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Author:  Eckhart Diestel

Date: April 13, 2021

This blog was adapted for personal use and can be utilized by any student Golf as a referral as to how the grip works in golf swing.

Key Notes:

  • TAKE DEAD AIM
  • the head ALIGNS
  • the body ALIGNS
  • the forearms ALIGN
  • the wrists ALIGN
  • the hands ALIGN
  • TARGET
  • COLLECT
  • RELEASE
  • ALIGN

Using A Hammer

                                                  

Examine how we use a hammer to drive a nail. Realize how the anatomy aligns with the direction of the blow. If you hit vertically downwards, the head and upper body will be right over the nail. The radius and the ulnar of the forearm will be in a stacked position on top of each other. The anatomical snuff box will be aligned with the free downward motion of the wrists and the base of the index finger will be on top of the shaft to support the downward motion.

          If you hammer sideways, – imagine a nail in a door frame -, your entire anatomy will move to stay behind the blow and support the delivery of energy in the intended direction. The head and upper body tilt sideways. The radius and the ulnar of the forearm will still be stacked, now in the plane of
the blow. The anatomical snuff box and base of the index finger will remain aligned in that same target related plane.

Top Spin InTennis

                                                                    

Notice that you grab the racket in a closed position to facilitate a strike with top spin. The racket is not brought into this position by a manipulation of the wrist, because the player wants to keep everything optimally aligned to delivery energy. Thus the wrist stays in the ’hammer’ orientation, while the racket is turned closed.

 

Bat With A Baseball

                                  

 

               Hold the golf club just like you would hold a baseball bat be-cause this allows you to apply the maximum force. Again, the radius and ulnar are stacked in the plane of the hit direction. This may give the appearance of a cupped wrist at the top of the backswing. However, this is the anatomically correct position, because the wrist can hinge over the tabati ́ere anatomique ofboth hands. A cupped wrist position has the trail hand wrist flattened.

          The orientation of the club face will determine how you feel the balance of the club in your hand. In a closed position the leading edge would appear in a picture in a horizontal position, in an open position the leading edge would point towards the ground. Thus, when you change you grip you will experience a difference in feel. Closing the club face moves the feel of the weight of the club head more unto your lead forearm. At the top of the backswing, the open position may feel more balanced and natural. This would be too open in relation to the target as the ball would be hit with that open face.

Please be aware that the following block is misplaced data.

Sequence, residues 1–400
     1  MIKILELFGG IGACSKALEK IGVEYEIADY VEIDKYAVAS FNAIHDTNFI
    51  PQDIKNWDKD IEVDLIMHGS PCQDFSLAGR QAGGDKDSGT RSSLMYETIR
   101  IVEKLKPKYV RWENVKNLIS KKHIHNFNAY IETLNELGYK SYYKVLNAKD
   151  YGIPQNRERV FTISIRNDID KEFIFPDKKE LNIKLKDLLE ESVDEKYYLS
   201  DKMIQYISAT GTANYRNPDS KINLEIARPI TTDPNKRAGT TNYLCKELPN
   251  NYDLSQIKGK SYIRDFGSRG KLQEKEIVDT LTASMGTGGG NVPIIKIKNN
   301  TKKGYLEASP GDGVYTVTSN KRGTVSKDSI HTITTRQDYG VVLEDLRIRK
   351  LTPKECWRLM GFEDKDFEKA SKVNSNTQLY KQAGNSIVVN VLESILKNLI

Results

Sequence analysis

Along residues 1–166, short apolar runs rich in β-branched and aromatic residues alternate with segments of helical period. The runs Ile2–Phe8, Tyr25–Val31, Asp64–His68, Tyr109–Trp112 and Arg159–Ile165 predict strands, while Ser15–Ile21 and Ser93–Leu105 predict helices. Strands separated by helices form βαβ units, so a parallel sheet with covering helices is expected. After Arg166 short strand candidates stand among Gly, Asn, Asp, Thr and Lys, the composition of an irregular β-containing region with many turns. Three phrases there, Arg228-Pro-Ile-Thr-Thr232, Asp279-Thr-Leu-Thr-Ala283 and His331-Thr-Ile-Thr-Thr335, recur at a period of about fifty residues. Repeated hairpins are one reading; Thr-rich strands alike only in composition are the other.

If you close the face about 45 degrees and swing it analogy to a base ball bat, you will see that the leading edge will be square to the path at impact. If your perceived task is to release the club to the target, the kinetic sequence will occur correctly. If the target is the ball, there will be no perceived need for a release towards a distant target and it will therefor not be performed.
We are releasing the club towards a target and are collecting the ball while we do so.

           Just as much as a baseball players swings towards a target such as the fence at the end of the field; he will hit and compress the ball with the bat during that targeted motion. Hold the club in your lead hand with a grip that feels super tight and secure. When applying the trail hand, the index finger is placed correctly in a relation to the shaft that reminds you of holding a kitchen knife while pushing down on a cutting board

Extremely Important Is The Rotational Aspect.Extremely important is the rotational aspect of the release. Whether you apply a baseball swing or a tennis serve or a golf swing. Imagine to swing a golf club in a horizontally plane in front of you, letting forearms rotate naturally or ’turn over’ – the trail hand will turn over the lead hand.

 

The Movement Of The Hands And The
Direction Of Force

                                                 

                    Inspect the movement of the hands and body position when you apply power in a direction. You will see that you will bring your body behind that blow. If you hammer straight down, your body will be entirely upright. If you blow an axe into the stem of a tree your body will bend to find a position that supports the direction of that blow. In this position you will see that the grip as well as the body are anatomically properly aligned.

       Apply this to a golf club. If your target is the ball right in front of you, the blow will be directed straight down and your grip and body position will reflect that movement. If you task ist the release of a baseball bat to a distant target somewhere in the field, your body as well as your forearms as well as your wrist will line up behind the direction of that blow to apply maximum directed energy in that direction.

     Care has to be taken of the leading edge of the club face now. If you start with a square position at the set up, the tilting to get behind the blow will dynamically bring the club face into an open position at impact. Therefor, the club face has to be held closed at setup to dynamically return it square at impact.

 

30 Yards  – Between the release at the ball with a neutral grip and the release at the distant target with the correspondingly aligned anatomy accounts for a 30 yards difference in carry.

 

 The Grip Is Too Strong